Mammals are defined by
the evolution and migration of their posterior jaw bones into middle ear bones with a jaw joint switch from quadrate/articular to dentary/squamosal. Multituberculates and haramiyids appear to bend or break that rule because they have cynodont-like posterior jaw bones, not tiny middle ear bones, and yet otherwise they nest with rodents and plesiadapiformes. This is one reason why you don’t want to pull a Larry Martin with post-dentary bones. You want to nest a taxon based on a long list of traits, not just one, two or a dozen.
The massive jaw joint
Mammals, such as Vilevolodon, with atavistic post-dentary bones also have a massive jaw joint with a long articulating surface on the dentary contacting the squamosal. All mammals have such a jaw joint. Pre-mammals don’t. While Vilevolodon has a large dentary/squamosal jaw joint, the post-dentary articular, still contacts the quadrate. It’s clearly not the main jaw joint.
traced the development of post-dentary bones in embryonic Monodelphis specimens. She reported, “Neonates of Monodelphis possess neither mammalian (dentarysquamosal) nor reptilian (quadrate-articular) jaw articulations, nor does the contact between the incus and crista parotica offer a joint surface. Elasticity in Meckel’s cartilage allows minimal deflection of the lower jaw.” After all, those neonates are just sucking milk, not biting, and the embryos don’t even do that. Does that make neonates like this not mammals? No. The evidence indicates that in multituberculates and haramiyds the embryological transformation of posterior jaw bones stopped before development transformed them into middle ear bones. This is an atavism, a phylogenetic reversal. The timing of development changed. In the case of Vilevolodon, the middle ear bones stop evolving during embryological development and the post-dentary bones they would have evolved from continue to appear in adults. What was a rare mutation probably spread throughout an isolated population. Perhaps this had something to do with the increase in size of the dentary jaw joint.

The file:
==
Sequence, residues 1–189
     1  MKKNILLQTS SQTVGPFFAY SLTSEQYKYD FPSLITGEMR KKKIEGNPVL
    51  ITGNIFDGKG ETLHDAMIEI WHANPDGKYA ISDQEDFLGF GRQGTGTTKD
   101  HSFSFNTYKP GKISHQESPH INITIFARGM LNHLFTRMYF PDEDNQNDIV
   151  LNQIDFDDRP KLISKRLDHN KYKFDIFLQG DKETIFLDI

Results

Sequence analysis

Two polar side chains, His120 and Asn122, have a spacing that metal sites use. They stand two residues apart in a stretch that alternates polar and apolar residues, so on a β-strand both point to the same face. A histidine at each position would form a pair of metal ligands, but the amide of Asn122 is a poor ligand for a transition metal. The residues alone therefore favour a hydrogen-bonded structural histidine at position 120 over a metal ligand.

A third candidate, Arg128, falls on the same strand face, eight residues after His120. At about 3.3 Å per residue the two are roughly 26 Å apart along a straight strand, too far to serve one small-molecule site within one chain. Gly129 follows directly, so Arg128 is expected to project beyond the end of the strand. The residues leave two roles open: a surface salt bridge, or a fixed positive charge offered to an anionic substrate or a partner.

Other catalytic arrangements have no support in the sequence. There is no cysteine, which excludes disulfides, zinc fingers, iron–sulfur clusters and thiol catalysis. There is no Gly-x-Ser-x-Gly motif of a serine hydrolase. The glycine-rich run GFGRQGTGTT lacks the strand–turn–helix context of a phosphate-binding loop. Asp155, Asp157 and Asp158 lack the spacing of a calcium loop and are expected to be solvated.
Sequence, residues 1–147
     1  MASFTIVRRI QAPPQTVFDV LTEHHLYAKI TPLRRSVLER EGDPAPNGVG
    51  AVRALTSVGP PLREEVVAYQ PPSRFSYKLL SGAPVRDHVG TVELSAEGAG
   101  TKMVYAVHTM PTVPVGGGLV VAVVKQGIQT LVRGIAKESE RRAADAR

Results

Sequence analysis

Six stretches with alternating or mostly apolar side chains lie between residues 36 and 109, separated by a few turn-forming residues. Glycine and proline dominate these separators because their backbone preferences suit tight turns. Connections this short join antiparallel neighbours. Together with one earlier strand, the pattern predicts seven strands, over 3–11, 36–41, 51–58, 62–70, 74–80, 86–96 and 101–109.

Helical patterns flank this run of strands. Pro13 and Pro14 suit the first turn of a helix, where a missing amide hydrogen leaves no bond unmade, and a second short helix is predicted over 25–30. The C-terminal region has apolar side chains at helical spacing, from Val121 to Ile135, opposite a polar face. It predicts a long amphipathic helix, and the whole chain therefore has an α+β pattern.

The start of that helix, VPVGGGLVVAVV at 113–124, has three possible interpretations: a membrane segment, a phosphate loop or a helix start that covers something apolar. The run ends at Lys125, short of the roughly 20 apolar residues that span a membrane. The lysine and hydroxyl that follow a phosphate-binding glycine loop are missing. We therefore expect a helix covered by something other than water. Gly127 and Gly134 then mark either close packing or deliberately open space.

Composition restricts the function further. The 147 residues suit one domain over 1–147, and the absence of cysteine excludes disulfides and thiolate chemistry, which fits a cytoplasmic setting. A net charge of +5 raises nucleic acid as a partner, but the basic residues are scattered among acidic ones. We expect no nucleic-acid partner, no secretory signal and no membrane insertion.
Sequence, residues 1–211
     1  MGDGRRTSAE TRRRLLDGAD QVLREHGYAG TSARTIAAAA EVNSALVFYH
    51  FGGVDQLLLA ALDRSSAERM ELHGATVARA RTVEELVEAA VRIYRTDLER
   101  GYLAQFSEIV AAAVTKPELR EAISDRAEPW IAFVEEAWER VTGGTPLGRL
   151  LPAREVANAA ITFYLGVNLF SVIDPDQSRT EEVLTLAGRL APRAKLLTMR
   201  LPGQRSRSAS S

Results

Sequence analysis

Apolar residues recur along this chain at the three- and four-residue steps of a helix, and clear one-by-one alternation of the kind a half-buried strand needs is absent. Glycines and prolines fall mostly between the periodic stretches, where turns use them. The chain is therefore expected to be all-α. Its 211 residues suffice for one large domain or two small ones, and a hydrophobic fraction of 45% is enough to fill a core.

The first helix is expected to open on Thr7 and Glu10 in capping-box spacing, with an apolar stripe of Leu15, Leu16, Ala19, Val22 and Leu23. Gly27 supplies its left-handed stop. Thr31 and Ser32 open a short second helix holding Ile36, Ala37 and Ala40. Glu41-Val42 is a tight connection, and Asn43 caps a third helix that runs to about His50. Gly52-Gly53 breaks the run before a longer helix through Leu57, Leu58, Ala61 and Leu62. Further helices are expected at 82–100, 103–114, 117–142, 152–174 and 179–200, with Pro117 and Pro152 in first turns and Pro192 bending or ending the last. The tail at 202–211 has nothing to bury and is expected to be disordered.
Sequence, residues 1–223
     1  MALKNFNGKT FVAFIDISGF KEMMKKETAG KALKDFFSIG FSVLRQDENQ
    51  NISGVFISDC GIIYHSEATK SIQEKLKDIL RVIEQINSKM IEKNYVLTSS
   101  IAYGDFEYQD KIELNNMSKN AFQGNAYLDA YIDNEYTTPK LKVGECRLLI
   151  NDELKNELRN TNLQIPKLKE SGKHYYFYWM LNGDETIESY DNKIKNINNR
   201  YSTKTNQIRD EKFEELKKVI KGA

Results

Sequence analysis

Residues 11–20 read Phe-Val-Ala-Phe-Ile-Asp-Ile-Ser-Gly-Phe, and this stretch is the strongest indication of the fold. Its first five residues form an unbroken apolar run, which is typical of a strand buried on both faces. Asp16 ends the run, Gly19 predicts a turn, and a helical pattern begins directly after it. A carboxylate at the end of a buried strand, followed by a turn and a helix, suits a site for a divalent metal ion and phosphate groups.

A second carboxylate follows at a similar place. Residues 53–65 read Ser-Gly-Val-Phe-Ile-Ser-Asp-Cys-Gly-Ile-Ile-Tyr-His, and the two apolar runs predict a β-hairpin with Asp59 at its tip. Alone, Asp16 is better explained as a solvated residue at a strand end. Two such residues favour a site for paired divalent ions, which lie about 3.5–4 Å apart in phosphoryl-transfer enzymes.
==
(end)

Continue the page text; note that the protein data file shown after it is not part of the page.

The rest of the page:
Haramiyavia and the Haramiyida clade
Seems at this point that only Haramiyavia is a haramiyid, unless Brasilodon is one as well. Members traditionally assigned to the clade Eleutherodontidae also nest in various locations in the LRT, not all in one clade.
Meng et al. 2017 report,
“Stem mammaliaforms are morphologically disparate and ecologically diverse in their own right, and they developed versatile locomotor modes that include arboreal, semiaquatic, and subterranean specializations, which are all distinct from generalized mammaliaforms.” Unfortunately, the LRT nests a long list of mammaliaforms at various nodes within the Mammalia. They are not from a single diverse clade.
Contra Meng et al. 2017
the LRT reduces the niches and body shapes of stem mammals down to a few small, generalized taxa like Sinoconodon and Megazostrodon. Derived taxa nest at derived nodes.
The LRT nests rodents close to Plesidapiformes,